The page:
In 2008 she left Clifford and founded her own PR company with the aim of working not with celebrities but female entrepreneurs and attempting realistic, rather than aspirational, strategies to boost their businesses. Which was how, in 2015, she found herself working for Markle, who came to her for help to raise her UK profile.
The first time they talked was on Skype. They bonded easily, remembers Huie. They are just a year apart in age and both daughters of mixed-race parents. “I liked her. We connected and we got talking about race. I found her impressive: she was quick-witted and honest.” Huie had the idea of sending Markle off to Malta where she researched the life of her great-great-grandmother who was raised there, and wrote a magazine piece about it. “That was courageous,” says Huie. “It tackled issues around ethnicity and heritage and belonging, and they’re topics not everyone would be brave enough to go into.”
Running her own company gave Huie freedom, but there still lurked in her mind some bigger questions about the nature of PR, especially in the digital age. Gradually she began to put her philosophy into action in her own life. Looking back, she could see that conceiving Monet at 17 had been part of her own quest for purpose, and it had worked. Having raised Monet alone in the early years, supported by her parents, she embarked on a new relationship and six years ago had another child. Deep down, though, she knew the relationship wasn’t right and, although the last thing she wanted to be was a single mother a second time around, she ended the relationship when her baby was just a few months old.
“It was terrifying to find myself alone, again, with a tiny baby and an older child. I was hoping for domestic bliss and normality. But breaking up was absolutely the right decision, because it allowed me to find myself.”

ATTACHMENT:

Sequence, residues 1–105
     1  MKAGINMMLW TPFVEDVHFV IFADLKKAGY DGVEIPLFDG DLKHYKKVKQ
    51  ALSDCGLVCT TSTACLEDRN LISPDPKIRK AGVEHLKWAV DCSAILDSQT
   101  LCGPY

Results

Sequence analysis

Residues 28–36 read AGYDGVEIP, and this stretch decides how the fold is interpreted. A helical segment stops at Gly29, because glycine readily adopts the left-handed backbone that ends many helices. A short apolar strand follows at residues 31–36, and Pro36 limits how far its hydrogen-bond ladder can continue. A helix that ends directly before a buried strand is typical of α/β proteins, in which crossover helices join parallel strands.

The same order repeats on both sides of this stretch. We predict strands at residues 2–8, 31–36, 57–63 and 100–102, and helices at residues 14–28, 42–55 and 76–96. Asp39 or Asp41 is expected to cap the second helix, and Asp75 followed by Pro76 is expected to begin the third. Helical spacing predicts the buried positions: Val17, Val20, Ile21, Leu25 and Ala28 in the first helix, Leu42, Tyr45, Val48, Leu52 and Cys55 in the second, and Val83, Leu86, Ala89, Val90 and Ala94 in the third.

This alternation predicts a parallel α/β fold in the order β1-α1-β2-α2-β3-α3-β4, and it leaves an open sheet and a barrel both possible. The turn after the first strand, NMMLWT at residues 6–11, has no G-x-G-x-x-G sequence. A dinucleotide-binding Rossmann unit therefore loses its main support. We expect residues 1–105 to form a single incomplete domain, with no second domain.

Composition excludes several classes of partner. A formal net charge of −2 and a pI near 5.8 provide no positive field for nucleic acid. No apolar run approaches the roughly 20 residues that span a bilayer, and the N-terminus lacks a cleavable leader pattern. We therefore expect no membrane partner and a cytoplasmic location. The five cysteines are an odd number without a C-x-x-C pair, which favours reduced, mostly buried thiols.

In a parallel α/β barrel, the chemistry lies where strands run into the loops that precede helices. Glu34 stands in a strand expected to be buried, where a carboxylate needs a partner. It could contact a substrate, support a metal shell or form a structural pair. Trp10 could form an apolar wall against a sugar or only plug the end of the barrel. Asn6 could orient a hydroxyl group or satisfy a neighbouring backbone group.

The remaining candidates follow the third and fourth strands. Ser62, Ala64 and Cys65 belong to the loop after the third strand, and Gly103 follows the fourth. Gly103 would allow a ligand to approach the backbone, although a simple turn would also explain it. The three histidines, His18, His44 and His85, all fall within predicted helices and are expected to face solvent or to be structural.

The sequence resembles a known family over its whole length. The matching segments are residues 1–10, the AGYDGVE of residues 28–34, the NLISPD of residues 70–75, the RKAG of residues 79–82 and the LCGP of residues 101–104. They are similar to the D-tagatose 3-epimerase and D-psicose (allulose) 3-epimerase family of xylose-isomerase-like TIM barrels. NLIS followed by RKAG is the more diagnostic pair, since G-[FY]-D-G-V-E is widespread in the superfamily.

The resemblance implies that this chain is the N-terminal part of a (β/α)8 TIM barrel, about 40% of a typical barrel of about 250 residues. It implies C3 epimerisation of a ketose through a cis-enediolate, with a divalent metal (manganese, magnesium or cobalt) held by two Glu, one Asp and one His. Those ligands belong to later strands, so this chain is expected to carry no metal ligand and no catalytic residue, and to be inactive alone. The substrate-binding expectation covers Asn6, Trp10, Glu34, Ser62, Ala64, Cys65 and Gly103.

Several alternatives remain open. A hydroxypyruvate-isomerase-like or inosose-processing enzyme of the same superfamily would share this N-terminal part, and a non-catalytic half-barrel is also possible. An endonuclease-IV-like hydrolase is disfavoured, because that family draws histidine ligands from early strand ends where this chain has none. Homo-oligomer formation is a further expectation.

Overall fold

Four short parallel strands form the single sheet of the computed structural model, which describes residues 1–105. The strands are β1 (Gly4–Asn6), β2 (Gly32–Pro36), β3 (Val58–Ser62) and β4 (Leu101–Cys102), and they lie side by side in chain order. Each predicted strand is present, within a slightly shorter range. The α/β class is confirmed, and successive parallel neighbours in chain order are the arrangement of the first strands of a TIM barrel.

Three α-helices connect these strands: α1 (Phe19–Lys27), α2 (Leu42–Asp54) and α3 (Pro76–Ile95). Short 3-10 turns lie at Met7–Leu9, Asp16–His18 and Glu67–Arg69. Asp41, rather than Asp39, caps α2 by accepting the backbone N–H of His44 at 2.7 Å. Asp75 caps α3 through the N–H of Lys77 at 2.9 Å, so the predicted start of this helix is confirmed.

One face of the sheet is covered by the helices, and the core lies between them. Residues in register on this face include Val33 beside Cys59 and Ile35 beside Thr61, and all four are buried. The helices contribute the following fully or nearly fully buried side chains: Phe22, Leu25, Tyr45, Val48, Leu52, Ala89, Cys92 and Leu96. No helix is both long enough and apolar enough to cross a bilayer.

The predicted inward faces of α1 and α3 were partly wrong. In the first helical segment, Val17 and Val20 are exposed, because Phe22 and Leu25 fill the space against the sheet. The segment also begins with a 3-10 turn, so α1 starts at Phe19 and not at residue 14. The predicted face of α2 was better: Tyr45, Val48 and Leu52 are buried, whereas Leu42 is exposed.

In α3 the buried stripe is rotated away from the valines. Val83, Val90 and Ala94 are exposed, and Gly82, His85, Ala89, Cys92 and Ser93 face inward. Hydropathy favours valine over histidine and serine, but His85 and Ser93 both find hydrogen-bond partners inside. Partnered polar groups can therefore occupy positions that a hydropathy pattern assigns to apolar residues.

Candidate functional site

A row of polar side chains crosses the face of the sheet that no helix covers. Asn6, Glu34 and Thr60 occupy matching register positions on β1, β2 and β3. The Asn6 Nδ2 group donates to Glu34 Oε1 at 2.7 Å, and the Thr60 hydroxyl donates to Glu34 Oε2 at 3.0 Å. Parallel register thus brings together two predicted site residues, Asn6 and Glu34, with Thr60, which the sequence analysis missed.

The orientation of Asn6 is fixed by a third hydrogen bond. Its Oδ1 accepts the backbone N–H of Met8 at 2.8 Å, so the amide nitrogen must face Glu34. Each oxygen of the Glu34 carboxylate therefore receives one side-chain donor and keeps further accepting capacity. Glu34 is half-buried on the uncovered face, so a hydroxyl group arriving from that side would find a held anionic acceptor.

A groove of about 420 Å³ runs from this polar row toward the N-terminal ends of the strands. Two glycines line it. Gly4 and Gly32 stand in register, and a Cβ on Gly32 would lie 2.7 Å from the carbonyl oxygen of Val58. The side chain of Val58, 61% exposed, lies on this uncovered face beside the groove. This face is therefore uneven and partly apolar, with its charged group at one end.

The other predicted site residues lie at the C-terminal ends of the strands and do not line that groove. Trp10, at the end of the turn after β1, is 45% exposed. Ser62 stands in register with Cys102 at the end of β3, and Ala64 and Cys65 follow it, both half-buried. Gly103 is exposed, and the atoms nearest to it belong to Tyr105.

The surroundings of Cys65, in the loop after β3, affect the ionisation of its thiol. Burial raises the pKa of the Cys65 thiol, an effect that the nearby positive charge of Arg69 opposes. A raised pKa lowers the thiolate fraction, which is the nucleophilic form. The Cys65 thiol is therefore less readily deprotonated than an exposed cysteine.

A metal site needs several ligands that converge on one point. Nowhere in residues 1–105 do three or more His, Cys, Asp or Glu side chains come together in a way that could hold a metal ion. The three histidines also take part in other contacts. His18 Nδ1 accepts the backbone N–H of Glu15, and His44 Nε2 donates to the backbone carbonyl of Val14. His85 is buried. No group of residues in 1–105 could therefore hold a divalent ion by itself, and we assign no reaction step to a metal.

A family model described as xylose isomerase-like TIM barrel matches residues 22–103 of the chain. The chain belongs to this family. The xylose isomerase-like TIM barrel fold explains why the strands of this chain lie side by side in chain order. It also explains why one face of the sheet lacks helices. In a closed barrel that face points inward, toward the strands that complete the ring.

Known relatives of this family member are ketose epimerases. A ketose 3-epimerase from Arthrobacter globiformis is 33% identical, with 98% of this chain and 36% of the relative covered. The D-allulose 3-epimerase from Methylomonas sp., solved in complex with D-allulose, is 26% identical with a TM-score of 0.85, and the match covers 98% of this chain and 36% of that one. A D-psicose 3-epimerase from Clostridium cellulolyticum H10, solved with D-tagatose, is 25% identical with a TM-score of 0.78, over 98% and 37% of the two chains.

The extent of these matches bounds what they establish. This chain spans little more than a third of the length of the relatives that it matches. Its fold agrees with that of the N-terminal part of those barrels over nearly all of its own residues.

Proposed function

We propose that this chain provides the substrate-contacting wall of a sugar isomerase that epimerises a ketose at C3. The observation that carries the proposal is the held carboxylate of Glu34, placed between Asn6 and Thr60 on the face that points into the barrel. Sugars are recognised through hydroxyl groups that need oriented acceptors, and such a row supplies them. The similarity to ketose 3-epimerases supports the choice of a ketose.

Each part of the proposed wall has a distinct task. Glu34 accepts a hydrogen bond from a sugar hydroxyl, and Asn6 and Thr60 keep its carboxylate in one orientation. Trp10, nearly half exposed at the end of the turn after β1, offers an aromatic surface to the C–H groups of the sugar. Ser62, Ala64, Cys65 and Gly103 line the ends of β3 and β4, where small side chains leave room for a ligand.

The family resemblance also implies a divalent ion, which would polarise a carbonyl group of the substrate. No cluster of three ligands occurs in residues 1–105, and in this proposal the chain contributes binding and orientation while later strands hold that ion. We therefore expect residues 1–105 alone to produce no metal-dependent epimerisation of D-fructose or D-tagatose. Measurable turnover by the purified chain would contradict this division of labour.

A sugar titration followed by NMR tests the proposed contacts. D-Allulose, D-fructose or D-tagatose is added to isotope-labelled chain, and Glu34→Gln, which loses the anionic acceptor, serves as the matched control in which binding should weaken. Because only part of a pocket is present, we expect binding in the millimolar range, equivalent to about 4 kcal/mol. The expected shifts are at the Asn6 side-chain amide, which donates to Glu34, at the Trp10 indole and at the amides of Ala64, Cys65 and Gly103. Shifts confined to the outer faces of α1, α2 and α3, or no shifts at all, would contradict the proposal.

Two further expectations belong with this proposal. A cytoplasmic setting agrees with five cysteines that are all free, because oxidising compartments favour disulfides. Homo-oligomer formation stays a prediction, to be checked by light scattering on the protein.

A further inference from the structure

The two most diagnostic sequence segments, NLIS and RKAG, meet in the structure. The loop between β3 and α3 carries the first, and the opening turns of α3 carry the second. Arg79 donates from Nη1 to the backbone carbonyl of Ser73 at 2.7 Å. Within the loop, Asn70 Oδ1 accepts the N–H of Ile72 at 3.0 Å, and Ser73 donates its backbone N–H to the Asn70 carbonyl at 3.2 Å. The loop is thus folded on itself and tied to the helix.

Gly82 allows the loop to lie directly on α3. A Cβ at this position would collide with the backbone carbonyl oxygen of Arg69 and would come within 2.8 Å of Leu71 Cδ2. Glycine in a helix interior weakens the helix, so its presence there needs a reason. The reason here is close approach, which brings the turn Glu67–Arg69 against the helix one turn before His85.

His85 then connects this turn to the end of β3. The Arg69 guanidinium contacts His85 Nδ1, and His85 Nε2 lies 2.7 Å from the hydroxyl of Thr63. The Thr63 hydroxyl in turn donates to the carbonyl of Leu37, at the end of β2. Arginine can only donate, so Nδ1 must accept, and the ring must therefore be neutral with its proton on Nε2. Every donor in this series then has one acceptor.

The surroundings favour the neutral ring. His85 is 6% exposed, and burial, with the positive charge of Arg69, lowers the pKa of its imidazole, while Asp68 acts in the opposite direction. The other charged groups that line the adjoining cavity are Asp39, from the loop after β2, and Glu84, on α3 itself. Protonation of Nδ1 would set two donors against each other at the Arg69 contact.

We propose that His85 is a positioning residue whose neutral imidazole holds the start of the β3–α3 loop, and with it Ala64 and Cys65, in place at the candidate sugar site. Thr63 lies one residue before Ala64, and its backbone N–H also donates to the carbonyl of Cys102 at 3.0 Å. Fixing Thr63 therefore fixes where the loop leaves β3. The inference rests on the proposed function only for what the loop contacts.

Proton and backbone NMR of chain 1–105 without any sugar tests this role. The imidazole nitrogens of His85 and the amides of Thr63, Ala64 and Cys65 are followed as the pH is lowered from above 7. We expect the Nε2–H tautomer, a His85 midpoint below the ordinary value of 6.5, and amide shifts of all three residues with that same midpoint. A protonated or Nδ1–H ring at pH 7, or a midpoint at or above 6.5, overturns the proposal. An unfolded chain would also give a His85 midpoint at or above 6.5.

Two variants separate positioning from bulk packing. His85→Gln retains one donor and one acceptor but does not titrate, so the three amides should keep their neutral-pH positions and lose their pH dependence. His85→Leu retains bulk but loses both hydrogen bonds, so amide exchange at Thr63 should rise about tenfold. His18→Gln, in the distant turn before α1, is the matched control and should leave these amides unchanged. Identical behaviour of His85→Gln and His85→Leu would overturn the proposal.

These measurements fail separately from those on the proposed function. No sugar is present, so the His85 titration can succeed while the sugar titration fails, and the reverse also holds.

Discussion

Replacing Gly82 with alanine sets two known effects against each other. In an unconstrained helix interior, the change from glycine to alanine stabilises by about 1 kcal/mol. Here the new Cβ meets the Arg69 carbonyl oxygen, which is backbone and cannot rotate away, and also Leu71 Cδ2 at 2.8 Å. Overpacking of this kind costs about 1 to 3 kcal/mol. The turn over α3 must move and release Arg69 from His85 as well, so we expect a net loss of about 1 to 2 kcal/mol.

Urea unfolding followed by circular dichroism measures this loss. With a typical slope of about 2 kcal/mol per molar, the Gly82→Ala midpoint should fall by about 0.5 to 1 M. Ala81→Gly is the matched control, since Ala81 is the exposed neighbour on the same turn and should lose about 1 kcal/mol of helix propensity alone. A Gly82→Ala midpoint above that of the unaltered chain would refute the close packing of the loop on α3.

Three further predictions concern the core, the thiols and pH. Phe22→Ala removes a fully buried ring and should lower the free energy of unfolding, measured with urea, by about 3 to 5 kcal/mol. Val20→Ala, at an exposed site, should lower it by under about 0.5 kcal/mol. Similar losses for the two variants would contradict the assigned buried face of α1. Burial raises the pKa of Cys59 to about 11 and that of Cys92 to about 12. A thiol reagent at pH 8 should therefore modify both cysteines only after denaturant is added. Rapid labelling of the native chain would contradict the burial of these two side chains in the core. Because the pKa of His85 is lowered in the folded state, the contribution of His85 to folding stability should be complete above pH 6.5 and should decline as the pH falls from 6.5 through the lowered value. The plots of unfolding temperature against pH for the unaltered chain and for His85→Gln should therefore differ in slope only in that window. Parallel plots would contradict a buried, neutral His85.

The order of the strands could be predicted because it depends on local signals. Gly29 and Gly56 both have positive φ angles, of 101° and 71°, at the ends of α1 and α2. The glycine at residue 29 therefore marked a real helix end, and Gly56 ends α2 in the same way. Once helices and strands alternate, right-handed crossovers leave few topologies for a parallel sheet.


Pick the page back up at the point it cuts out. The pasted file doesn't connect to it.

To do that is not easy. “I feel as though I’m in a forest, and I’m hacking through my stuff. A lot of it is cleared now, but it’s never entirely gone. You have to be prepared to keep on hacking. Our most pressing duty is to reconnect with ourselves, because then we can connect with others. We need time, without distractions, to mine deep within ourselves. Once we do get to know ourselves, change can happen.”
She’s now been in a new relationship for the last five years, and married for the last two. The final layer of understanding what her own purpose was, and the spur to write her book, came in 2016 when she was caring for her father, who had been diagnosed with terminal cancer.
“I’d spent my life trying to control what happened to me. But this was something I couldn’t control. I had to surrender. That taught me an important lesson, which is that it’s not by seeking to control the world that we get the best out of it. So, in the final moments of my dad’s life, I realised the true purpose of my own.”